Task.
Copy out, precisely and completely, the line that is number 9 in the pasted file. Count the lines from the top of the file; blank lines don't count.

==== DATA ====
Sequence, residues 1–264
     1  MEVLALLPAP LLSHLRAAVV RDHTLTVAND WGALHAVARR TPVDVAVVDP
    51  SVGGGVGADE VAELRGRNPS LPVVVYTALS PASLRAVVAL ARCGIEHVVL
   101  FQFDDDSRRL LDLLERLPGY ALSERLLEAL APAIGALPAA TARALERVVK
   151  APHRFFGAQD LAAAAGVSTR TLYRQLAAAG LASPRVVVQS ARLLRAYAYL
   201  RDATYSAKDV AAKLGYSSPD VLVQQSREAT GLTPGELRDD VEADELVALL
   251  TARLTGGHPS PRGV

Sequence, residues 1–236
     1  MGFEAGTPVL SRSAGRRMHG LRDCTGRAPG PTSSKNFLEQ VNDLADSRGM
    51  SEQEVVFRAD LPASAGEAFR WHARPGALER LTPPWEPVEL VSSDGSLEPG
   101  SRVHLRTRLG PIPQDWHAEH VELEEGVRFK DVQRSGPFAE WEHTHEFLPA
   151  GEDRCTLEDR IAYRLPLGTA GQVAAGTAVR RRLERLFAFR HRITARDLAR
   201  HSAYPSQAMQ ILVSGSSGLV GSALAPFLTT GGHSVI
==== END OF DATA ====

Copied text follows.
     1  MGFEAGTPVL SRSAGRRMHG LRDCTGRAPG PTSSKNFLEQ VNDLADSRGM